And all of the leavings become so hard. Just to sit together with nothing. Two people, alone, with a fat lump of years and loving to drag away, to preserve somewhere. And later, when the pain has gone, to bother with elaborate theories on happiness. I shall never be able to understand why you had to make this pathetic gesture, this journey .... of what? Of reconciliation? Of duty? I don't know, and I don't suppose it matters. Perhaps it would have been no good anyway, even had you stayed. But you didn't stay. I sat with you in the kitchen, waiting, no longer knowing how to breach that silence that once was easy with a kiss. And all you could say, standing there with that silly wine sack, was: But, Paloma, I promised. And I thought then, it has all become too much trouble, it is all too serious, there is no sign of laughter anymore. No calling out. Just to bite the lip and force a smile which says, I can't, and then to look out sadly into the dark where you will always be walking back towards me, but never calling out the words I need to hear. And finally, it will end, will finally fade into the muddle of swollen years which drop past without a sound. I know how impossible grow such things as love, and how a wooden cross will crumble on the cemetery wall. I have seen both.

            This week, since you've been gone, in the little square in front of the cathedral, there is an Anthology of the 'Zarzuela', the voices of the women singing carry right into the house. It keeps me awake, but it gives me an excuse. I have done a lot of thinking. My life with you, or rather, our future together, was like a shabby figure bundled away somewhere in a room, looking out at us between the cracks of shuttered windows. And all the time, we've been walking the irregular streets, between nondescript and impersonal buildings, searching the gutters for a brilliant coin. You see, I have had the good fortune to look up and I have seen, behind the half drawn blind, an ugly, hideous face staring back at me, clutching a tangled map.

            These last few days have passed so slowly that it has given me time to try to find some reason for not leaving. But how many times can you strain towards a forgetting and shove your hurt away into some corner. Most of the time it is possible for us to cast off the unimaginable and sad, but the definition of our boundaries is conditioned by our acceptance of the truth. Even when the truth is something that we don't want to accept, there comes a time when it is impossible to ignore it any longer, when it is impossible to keep deceiving yourself. You have to let it in. You have to stop fabricating the shape you want to see. Look at your mother. What you haven't placed around her! And I wonder what it is you see when you look at me. A wife, perhaps.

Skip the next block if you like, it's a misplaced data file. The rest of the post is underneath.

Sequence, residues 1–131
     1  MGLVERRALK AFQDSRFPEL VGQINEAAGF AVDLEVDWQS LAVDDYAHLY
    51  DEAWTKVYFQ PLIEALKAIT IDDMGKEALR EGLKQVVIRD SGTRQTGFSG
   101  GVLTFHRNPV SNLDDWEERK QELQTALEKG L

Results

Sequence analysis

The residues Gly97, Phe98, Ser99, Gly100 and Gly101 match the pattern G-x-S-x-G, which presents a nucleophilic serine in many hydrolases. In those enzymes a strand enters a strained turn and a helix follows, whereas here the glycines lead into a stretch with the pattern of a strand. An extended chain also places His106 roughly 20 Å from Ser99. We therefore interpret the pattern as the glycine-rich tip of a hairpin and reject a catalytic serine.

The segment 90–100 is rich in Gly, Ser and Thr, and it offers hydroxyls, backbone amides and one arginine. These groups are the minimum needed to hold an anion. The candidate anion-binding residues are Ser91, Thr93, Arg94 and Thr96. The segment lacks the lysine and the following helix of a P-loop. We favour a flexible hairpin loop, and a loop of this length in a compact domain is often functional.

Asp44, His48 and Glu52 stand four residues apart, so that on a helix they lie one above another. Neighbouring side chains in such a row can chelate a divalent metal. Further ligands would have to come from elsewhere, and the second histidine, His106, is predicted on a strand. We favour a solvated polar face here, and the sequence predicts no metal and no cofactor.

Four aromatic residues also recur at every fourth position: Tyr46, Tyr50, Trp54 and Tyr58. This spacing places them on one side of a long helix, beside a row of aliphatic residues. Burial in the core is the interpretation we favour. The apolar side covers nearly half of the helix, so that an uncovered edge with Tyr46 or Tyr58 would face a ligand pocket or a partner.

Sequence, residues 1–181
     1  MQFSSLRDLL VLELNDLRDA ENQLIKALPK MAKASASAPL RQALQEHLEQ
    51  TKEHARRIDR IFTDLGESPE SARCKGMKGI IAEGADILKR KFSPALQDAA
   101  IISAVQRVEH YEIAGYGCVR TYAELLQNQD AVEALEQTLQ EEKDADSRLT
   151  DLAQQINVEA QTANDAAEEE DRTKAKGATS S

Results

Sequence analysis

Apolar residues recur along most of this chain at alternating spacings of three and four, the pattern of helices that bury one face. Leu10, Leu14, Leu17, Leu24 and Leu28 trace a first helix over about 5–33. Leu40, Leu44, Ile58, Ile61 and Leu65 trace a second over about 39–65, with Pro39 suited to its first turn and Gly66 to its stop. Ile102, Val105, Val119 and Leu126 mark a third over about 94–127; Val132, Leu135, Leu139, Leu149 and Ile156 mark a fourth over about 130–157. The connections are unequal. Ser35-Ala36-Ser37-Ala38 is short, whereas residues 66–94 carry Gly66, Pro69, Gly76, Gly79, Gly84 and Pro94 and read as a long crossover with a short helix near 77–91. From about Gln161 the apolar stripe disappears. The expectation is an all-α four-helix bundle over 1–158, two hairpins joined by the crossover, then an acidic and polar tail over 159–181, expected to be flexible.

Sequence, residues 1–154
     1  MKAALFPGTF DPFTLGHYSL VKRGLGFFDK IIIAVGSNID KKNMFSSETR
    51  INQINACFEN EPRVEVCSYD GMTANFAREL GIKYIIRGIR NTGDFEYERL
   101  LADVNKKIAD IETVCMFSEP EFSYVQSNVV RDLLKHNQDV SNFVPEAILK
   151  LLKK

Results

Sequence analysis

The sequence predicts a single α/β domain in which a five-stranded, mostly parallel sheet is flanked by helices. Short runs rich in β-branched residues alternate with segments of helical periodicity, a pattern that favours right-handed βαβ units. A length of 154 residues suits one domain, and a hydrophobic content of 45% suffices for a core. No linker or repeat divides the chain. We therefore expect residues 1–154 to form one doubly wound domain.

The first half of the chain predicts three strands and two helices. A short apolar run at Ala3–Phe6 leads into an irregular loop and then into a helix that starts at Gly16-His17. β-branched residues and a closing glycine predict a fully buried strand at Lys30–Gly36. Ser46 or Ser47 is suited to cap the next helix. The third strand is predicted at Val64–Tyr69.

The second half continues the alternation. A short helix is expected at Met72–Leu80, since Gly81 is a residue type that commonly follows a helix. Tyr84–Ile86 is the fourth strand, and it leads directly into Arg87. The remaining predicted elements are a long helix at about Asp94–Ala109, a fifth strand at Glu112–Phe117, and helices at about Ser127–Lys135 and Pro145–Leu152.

It is already dark now, and I have drawn the blinds to stop the flies getting in. I can hear the improbable music and singing of the 'Zarzuela'. It seems much nearer than it really is tonight, magnified out of all proportion. There is a lovely full moon, low and heavy, behind the towers of the cathedral. I shall miss living here. 

            But I know now it would be impossible. When I look back on our life together, it is all dimmed into insignificance by two monstrous figures from Goya, your parents, who cast long, elongated shadows over all the sunshine I try to put back there. Still, we both know only too well that memory is distorted by the present, by the remembering. It is so difficult to forget what people are and to think of them as they were. That is why I find it so difficult to put it all into words. It is not just this business of amnesty, of your uncle returning from Paris. It's not that exactly. It's more the fact that it came as a judgement on us. You had, for once in your life, the chance to actually turn your back on the past. But I have to accept that you have this tremendous need to cling to the sleeve of the past as though, without it, you might be swept off into anonymity.I have searched in vain for the point when, for the first time, on hearing you moan to yourself in sleep, instead of thinking I would take you away from whatever it was that was disturbing you, I realised that it was something I would never know, that I could never do anything about. Because you won't allow me to, because you don't want to lose it. I can accept that, but you can't expect me to have to live with it too.

            So, where do you go to and not be afraid, when suddenly you wake into your life and find everything has run sadly away? Earlier this evening, half way through this letter, I went out for a walk. I looked down at my feet, and they seemed to be striding along with a purpose and a direction alien to the rest of me. My heart beat slowly and clutched at something all of those months away. A last piece of love. Some tiny regret. I don't know. I try to forget the things that bring me sadness now, because they only seem to make me invent reasons for being together still, when I know, only too well, that my hopes lie shipwrecked and dashed against your ability to be separate and isolated from me and all the things I need. But it's strange, isn't it? All the time I was out I was looking for some small voice, glad to see me, calling, "Please, don't go!" Yet I know we are not alone or unique. Somewhere, all the puzzled lovers of the town lie awake and tremble, reaching far across the night and touching imaginary hearts that settle into some place of improbable brightness, where they can try to find an excuse for touching, for breathing together, where they look for that abstract perfection, some reassurance that love survives, if it exists at all.


Take care of yourself,





            On the tower of a church, beneath the warm sun, with red dust crusting on the tiles, a huge stork lumbered into flight, and with an ungainly sweep of its wings, tucking its thin legs beneath the fan of its tail, it sailed slowly out across the city.